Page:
This year's awards have seen criticism over the number of heterosexual actors nominated for playing gay or bisexual characters
By Sonia Elks
LONDON, Feb 22 (Thomson Reuters Foundation) - Gay and bisexual actors aren't getting a fair shot at playing LGBT+ roles made famous by their straight counterparts, industry insiders said ahead of Sunday's Oscars ceremony.
This year's awards have seen both praise for the number LGBT-inclusive films short-listed and criticism over the number of heterosexual actors nominated for playing gay or bisexual characters.
Some argue that filmmakers should actively look for LGBT+ actors for such roles, saying they can bring a deeper understanding of the characters.
"I think straight people can play gay and gay people can play straight – I think that's entirely possible. I just don't find it creatively advantageous," screenwriter and filmmaker Dustin Lance Black told the Thomson Reuters Foundation on Friday.
This year marks a decade since he won a best original screenplay Oscar for the 2008 film "Milk", a biographical account of LGBT+ politician Harvey Milk.
"Particularly with minority representation, you would be better served creatively if you have someone in that role who really understands the nuance of that role, perhaps from a very personal perspective," he added.
"They are still going to have to act, they are not playing themselves, but they are bringing a lifetime of authentic experiences to that role."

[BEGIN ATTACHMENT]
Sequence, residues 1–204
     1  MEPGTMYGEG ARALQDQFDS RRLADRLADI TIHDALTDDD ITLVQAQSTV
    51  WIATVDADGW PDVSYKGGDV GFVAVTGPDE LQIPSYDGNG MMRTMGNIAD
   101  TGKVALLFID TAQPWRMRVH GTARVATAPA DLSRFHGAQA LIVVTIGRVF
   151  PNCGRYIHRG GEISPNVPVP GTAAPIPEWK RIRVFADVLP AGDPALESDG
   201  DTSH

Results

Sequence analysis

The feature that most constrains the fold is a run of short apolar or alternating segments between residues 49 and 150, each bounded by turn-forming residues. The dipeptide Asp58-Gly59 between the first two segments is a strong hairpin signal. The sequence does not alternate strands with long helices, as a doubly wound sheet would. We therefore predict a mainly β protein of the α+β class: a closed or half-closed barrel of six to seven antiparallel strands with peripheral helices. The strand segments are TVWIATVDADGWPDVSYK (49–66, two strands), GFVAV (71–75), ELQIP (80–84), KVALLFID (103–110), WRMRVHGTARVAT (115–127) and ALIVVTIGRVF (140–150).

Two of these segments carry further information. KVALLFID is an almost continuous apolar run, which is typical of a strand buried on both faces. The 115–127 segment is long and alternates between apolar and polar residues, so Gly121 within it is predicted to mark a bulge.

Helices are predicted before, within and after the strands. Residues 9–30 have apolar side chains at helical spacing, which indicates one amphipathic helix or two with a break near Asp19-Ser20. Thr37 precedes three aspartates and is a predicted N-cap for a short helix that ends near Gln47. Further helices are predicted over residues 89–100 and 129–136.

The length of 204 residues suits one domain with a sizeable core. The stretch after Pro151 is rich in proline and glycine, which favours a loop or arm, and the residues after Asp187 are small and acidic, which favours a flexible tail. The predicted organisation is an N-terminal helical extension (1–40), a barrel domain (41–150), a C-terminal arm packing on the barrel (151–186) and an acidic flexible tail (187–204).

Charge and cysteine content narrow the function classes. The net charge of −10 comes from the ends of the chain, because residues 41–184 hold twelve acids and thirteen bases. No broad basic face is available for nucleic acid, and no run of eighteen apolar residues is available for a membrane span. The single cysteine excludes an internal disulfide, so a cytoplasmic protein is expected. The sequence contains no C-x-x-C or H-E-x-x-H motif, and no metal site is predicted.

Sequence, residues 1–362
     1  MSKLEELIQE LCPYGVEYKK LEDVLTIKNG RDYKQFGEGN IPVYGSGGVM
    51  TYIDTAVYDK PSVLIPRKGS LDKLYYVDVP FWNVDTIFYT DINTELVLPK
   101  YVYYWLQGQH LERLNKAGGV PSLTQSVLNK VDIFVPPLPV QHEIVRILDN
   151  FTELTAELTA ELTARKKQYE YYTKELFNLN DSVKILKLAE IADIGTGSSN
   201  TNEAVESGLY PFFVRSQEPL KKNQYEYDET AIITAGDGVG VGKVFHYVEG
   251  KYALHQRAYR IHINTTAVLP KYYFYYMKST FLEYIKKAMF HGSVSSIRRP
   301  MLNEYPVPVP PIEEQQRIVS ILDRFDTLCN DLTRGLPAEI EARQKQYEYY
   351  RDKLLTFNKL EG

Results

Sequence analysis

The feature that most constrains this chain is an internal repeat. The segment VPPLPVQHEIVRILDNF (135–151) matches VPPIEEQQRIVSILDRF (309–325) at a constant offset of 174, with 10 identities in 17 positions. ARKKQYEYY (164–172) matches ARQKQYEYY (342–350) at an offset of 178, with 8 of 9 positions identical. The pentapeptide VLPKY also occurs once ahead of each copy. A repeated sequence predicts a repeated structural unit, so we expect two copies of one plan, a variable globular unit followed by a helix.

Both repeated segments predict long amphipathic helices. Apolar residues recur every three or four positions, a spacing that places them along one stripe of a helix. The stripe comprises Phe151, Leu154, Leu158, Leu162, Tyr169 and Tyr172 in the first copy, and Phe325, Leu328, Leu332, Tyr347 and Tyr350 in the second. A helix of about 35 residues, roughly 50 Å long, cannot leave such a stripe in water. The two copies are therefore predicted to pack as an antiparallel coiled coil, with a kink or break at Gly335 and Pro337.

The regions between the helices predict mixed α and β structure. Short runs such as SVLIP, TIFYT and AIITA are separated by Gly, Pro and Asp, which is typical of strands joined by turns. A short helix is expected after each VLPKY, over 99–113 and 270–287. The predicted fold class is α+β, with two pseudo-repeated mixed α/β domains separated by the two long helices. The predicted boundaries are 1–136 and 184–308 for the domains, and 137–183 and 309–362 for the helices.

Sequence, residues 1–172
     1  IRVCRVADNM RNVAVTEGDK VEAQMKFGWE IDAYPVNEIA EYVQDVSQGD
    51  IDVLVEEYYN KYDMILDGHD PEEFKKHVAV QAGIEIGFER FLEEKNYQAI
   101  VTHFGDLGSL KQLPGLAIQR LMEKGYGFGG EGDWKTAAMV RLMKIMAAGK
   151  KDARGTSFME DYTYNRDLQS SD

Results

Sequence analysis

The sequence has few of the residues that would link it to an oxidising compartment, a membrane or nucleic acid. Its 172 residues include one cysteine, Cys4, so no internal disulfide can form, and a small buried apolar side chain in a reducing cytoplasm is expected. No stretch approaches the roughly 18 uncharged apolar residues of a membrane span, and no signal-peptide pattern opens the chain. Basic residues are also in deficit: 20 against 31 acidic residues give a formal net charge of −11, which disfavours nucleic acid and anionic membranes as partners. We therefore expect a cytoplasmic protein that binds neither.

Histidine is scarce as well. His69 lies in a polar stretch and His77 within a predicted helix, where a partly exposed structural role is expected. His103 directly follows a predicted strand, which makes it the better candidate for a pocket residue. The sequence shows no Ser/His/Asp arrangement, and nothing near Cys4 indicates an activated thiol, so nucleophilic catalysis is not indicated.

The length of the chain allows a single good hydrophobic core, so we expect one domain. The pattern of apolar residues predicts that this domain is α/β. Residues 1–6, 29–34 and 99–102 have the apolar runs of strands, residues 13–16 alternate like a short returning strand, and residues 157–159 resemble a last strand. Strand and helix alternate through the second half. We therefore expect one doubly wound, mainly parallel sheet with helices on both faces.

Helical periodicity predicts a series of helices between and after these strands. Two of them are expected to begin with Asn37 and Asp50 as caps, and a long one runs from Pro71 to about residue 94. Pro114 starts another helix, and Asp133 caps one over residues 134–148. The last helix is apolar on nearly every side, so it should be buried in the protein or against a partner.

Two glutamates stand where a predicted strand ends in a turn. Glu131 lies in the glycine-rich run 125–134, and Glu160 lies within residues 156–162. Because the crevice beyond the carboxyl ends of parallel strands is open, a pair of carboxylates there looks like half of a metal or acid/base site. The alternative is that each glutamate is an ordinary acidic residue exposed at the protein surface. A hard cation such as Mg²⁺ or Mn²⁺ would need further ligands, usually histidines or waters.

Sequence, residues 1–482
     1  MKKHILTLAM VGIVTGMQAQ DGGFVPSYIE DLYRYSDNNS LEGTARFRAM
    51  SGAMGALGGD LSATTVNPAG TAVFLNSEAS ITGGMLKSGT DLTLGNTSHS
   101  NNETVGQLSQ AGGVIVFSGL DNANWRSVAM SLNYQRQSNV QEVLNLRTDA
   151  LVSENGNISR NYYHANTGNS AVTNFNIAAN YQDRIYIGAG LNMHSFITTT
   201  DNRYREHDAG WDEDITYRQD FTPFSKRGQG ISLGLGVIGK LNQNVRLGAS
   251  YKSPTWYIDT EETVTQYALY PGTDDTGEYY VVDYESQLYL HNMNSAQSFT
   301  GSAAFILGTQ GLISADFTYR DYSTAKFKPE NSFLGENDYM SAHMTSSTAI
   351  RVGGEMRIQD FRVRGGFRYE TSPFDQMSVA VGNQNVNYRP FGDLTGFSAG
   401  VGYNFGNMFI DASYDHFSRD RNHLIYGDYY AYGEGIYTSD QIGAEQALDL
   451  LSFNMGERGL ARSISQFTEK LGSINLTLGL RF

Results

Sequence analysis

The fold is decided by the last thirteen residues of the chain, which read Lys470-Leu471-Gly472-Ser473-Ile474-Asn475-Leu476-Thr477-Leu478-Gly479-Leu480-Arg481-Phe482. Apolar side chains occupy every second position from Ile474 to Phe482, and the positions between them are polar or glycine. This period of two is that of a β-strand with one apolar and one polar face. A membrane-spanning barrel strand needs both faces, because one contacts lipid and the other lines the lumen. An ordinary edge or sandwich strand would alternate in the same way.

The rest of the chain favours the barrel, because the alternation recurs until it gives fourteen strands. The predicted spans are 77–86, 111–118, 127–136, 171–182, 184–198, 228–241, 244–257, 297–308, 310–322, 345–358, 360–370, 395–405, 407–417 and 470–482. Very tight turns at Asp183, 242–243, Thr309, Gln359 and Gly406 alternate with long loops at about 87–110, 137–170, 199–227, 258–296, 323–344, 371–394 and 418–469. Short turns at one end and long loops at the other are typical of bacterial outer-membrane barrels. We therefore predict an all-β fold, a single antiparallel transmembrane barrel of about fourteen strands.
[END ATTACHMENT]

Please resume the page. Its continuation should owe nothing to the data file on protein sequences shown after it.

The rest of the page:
This year's Oscars have seen a record number of films with LGBT+ storylines short-listed for awards, according to advocacy group GLAAD.
They include the "Bohemian Rhapsody" biopic of bisexual Queen singer Freddie Mercury and "The Favourite", which shows Queen Anne in a love triangle with two female consorts vying for her favour.
The nominations "reflect a banner year for LGBTQ inclusion in film" and show that organisers "are rightfully prioritizing diverse storytelling", said GLAAD president Sarah Kate Ellis.
They reflect a changing culture, with studios and filmmakers recognising that young viewers want to see a wider variety of stories, said Black.
"The new audiences, the young audiences that are so valuable to studios and networks, all know someone who's LGBT or Q," he said. "So if you exclude them from your script your projects are going to feel dusty, antiquated and dishonest."
British actor Ben Whishaw recently addressed the issue, saying actors could play any role, but he would like to see "greater equality" in casting.
"I would like to see more gay actors playing straight roles... It should be an even playing field for everybody," he told a reporter backstage at the Golden Globes last month.
Meanwhile, "Doctor Who" star Matt Smith said actors' backgrounds should not be a factor in choosing roles as he defended himself against criticism for playing the gay character Robert Mapplethorpe in a biopic.
"To me, it doesn't matter if you're gay or straight," he said, according to Vulture magazine. "That has no bearing on whether you should get the part."
Minority communities were keen to see themselves represented on screen both in terms of storylines and the actors playing them, said David Martinez, a producer at the independent Raindance festival.
He suggested casting directors should try to find LGBT+ actors for LGBT+ characters before opening up auditions to all.
"If they just go to the obvious heterosexual actors to play the role, and they don't give the opportunity to actors who are LGBT, that's where the problem is," he said.
(Reporting by Sonia Elks @soniaelks; Editing by Jason Fields. Please credit the Thomson Reuters Foundation, the charitable arm of Thomson Reuters, that covers humanitarian news, women's and LGBT+ rights, human trafficking, property rights, and climate change. Visit http://news.trust.org)
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